Publication Date

Spring 2009


School of Communication


English--Teacher Certification

Primary Subject Area

Literature, Romance


Thomas Malory, Arthurian legend, King Arthur, Le Morte d'Arthur, Lancelot, Gareth, Tristram, chivalry, courtly love


English Language and Literature | Literature in English, British Isles | Other English Language and Literature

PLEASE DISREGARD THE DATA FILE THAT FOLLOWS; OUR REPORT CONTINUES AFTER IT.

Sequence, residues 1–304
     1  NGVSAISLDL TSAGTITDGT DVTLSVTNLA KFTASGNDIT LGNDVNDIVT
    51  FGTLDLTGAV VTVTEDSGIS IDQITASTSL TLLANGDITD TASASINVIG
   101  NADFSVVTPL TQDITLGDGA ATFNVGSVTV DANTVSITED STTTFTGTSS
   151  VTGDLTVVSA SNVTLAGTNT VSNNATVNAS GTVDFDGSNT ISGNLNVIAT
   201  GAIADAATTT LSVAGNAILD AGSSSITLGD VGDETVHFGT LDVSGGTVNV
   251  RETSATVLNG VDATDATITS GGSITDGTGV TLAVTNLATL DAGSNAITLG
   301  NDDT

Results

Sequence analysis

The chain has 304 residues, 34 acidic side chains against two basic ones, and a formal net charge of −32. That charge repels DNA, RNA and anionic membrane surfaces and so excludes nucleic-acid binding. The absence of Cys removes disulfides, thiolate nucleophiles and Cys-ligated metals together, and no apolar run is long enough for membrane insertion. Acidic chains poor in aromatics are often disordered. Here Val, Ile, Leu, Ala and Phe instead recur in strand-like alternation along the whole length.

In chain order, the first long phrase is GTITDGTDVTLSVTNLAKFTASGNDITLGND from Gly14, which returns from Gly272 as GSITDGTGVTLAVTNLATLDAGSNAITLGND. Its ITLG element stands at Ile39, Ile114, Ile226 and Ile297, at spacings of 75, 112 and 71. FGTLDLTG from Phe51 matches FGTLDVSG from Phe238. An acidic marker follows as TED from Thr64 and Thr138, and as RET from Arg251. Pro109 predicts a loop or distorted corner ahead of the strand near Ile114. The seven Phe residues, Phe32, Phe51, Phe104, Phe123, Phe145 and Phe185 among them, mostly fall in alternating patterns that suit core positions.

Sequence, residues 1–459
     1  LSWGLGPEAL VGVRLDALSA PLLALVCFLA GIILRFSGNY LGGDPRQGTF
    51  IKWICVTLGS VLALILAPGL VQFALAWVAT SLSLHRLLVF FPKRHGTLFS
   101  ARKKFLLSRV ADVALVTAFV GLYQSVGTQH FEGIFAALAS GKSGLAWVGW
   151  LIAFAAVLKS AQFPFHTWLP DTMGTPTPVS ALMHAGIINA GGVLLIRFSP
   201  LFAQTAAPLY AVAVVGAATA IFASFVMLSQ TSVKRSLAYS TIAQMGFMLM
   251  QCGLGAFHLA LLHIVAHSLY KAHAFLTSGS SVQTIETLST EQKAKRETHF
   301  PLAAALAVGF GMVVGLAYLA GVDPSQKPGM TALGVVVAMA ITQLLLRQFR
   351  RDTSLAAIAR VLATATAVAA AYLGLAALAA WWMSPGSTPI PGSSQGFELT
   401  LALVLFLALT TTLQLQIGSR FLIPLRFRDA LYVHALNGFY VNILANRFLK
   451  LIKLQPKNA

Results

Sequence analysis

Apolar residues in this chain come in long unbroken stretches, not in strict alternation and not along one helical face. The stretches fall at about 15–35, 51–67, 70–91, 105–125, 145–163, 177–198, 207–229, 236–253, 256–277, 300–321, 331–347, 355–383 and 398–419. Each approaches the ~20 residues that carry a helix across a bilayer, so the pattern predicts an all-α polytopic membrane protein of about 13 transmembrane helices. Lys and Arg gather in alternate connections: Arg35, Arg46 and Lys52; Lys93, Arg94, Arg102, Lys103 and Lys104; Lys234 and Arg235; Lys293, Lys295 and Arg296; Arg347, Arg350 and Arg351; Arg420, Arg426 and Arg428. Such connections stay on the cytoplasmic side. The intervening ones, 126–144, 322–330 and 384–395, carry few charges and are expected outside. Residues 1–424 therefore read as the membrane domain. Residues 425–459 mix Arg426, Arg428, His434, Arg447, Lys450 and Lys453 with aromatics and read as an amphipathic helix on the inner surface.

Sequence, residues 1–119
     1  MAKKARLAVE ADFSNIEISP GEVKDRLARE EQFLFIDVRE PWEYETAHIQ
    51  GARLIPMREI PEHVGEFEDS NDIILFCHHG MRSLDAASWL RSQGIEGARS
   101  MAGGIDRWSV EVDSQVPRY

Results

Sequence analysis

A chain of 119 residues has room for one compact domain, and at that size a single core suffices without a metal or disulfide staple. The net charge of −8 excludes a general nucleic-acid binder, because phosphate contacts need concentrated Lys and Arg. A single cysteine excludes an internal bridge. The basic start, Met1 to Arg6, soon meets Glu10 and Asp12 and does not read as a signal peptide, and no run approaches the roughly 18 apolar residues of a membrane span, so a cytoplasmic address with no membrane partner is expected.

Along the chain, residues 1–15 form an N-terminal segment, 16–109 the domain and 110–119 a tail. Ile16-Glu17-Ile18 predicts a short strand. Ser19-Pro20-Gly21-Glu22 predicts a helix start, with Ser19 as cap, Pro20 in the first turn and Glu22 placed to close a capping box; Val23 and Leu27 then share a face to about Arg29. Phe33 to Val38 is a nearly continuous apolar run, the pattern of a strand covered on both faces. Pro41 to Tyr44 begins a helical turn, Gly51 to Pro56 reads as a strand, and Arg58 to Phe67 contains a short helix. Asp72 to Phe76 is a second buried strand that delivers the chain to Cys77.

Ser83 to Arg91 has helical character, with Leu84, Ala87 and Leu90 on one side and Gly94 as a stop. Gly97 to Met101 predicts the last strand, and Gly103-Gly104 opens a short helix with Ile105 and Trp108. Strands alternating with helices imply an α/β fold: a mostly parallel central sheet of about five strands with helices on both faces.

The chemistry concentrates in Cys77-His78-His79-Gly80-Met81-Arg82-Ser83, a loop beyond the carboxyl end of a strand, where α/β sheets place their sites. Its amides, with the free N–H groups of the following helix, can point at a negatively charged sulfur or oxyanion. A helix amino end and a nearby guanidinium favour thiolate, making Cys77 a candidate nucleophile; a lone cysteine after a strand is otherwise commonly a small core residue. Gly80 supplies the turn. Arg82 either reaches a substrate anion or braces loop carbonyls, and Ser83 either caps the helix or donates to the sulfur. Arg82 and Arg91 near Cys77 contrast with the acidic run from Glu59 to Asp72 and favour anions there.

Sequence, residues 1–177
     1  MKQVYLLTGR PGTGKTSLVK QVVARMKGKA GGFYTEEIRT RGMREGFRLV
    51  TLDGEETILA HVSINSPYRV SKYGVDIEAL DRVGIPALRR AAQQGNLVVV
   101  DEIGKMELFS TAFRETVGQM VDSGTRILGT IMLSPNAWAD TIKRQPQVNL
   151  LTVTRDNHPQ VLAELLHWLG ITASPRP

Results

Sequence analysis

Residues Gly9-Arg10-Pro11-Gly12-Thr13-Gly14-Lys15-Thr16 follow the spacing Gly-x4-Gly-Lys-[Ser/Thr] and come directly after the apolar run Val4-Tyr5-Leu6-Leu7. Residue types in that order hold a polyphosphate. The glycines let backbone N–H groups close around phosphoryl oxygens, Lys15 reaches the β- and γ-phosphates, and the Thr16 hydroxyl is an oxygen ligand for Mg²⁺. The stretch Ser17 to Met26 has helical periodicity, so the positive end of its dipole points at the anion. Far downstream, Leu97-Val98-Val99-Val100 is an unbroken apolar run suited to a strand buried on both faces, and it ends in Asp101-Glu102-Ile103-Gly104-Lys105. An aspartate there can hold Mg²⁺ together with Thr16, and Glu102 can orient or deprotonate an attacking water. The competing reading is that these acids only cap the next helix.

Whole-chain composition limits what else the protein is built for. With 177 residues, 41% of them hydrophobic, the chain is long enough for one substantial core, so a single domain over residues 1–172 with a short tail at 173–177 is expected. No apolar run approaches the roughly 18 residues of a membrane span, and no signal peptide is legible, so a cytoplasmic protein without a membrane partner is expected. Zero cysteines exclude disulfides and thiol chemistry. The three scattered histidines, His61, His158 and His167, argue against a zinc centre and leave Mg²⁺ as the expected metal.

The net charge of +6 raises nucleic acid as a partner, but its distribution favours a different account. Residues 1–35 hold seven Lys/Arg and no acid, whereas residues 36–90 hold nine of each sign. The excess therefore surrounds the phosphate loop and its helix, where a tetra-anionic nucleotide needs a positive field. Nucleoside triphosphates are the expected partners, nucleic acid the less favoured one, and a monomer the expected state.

Chivalry and its counterpart, courtly love, are indispensible to Sir Thomas Malory’s fifteenth century work on Arthurian legend, Le Morte d’Arthur. The three great examples of chivalry in this work are the knights Lancelot, Gareth, and Tristram, each of whom has a book dedicated to his story. Within these knights’ portrayals of chivalry, however, develop certain inconsistencies which seem out of place against their chivalrous backdrop. The purpose of this thesis is to propose that the reason for these contradictions of character and of chivalry is the close yet destructive relationship between chivalry and courtly love. What leads Lancelot, Gareth, and Tristram to their individual failures in chivalry is their inability to reconcile their loyalty to their king and their knightly oath with their loyalty to their respective ladies. Whereas Gareth abandons courtly love for a more traditional from of chivalry, Tristram exhibits a perversion of courtly love that consequently produces a flawed chivalry. Lancelot’s failure ultimately represents the impossibility of upholding both chivalry and courtly love as a unified code. As a whole, Malory’s account of these knights’ stories portrays the gradual yet inescapable downfall of chivalry when it is aligned with courtly love.